Surviving, to Some Degree by Kristie Miller

“Surviving, to Some Degree”
(jointly authored with David Braddon-Mitchell)

In this paper we argue that reflection on the patterns of practical concern that agents like us exhibit strongly suggests that the same person relation (SP-relation) comes in continuous degrees than being an all or nothing matter. We call this the SP-degree thesis. Though we argue that the SP-degree thesis is consistent with a range of views about personal-identity, we suggest that combining desire-first approaches to personal-identity with the SP-degree thesis better explains our patterns of practical concern. We then argue that the combination of the SP-degree thesis and the desire-first approach are best modelled by a stage-theoretic view of persistence according to which temporal counterpart relations are non-symmetric relations that come in continuous degrees.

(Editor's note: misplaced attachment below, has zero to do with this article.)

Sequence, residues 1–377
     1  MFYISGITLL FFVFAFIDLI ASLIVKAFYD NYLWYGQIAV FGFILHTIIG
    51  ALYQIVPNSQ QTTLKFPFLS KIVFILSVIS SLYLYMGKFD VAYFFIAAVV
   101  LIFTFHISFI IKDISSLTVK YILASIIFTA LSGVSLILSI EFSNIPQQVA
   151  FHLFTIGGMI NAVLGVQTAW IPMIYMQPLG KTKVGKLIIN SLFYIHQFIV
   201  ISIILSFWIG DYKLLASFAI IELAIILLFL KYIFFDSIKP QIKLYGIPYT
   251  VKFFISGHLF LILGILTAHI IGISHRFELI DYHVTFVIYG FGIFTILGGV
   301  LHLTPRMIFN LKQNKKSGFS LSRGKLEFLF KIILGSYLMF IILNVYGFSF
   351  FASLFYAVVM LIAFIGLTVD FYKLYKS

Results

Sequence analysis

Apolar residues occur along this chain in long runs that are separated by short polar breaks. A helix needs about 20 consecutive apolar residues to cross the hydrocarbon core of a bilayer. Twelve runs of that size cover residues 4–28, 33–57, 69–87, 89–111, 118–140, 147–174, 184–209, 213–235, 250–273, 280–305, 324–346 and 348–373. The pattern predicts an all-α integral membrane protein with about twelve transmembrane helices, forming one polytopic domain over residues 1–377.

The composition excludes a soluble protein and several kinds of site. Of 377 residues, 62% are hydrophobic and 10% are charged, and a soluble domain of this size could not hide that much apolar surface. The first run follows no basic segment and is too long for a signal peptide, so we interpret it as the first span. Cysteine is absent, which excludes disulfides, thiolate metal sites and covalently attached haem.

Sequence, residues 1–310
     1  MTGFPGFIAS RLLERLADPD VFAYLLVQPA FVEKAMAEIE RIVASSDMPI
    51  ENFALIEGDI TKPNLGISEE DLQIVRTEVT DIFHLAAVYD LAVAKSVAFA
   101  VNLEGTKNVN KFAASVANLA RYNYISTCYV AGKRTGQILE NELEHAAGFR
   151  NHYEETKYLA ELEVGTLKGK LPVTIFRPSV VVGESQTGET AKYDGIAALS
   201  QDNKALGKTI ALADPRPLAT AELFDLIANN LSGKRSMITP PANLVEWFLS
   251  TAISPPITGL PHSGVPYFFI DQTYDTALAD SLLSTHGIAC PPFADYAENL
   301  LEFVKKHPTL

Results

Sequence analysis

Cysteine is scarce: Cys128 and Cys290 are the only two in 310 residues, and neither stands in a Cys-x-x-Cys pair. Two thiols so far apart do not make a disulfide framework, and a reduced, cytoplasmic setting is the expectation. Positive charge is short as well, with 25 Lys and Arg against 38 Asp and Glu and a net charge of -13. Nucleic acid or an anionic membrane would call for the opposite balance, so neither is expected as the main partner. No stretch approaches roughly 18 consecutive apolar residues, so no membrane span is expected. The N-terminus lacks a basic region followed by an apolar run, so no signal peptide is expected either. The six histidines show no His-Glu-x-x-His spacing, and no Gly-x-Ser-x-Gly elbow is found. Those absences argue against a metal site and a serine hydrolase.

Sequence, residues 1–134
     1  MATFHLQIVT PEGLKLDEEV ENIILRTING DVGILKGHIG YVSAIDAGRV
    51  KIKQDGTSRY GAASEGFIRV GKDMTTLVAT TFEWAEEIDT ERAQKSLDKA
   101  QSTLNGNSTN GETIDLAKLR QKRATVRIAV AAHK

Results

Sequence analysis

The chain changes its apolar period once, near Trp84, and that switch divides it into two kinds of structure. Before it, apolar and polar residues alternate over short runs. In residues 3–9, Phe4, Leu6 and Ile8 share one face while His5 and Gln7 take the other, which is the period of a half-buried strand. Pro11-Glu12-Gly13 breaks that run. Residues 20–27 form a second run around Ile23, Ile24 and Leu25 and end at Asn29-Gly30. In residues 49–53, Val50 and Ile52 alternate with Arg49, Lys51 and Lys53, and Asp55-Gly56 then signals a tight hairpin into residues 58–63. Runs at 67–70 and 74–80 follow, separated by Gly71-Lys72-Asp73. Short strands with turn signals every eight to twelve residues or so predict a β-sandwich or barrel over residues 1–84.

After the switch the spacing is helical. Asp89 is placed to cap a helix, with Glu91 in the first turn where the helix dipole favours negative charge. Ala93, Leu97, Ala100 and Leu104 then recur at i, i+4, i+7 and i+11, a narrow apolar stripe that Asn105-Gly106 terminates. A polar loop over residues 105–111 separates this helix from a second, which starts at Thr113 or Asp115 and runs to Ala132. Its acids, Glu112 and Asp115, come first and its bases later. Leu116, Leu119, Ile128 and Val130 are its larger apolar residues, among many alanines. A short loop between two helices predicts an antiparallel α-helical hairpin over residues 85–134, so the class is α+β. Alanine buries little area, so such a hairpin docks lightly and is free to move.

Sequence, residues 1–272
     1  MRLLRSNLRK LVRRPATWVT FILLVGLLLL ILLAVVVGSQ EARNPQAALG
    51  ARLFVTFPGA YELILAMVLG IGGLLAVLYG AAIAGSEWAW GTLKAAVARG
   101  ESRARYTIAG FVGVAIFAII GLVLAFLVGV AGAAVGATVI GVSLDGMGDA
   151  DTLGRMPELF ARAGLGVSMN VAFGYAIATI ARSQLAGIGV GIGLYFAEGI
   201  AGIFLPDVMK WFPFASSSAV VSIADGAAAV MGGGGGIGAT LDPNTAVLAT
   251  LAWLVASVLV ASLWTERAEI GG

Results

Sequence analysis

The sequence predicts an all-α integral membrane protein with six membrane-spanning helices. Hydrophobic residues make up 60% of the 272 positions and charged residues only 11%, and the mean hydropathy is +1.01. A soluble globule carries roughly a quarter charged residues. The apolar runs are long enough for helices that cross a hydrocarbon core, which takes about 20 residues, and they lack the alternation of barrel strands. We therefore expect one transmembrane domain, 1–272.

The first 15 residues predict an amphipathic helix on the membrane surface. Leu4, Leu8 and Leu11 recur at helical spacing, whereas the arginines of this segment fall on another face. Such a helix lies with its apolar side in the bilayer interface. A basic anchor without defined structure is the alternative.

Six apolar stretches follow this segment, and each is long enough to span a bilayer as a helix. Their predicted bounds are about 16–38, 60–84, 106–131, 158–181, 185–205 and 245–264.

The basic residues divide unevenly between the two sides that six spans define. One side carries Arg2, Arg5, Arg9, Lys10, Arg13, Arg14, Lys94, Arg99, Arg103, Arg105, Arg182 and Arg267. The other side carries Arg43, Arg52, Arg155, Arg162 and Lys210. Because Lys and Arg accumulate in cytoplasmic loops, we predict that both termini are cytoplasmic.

Date: 27 June 2018, Wednesday
Time: 2pm to 4pm
Venue: Philosophy Resource Room (AS3-05-23)

About the Speaker:
Associate Professor Kristie Miller is joint director of the Centre for Time at the University of Sydney, and is currently an ARC Future Fellow. She works predominantly in metaphysics, on the nature of time and persistence.

All are welcome

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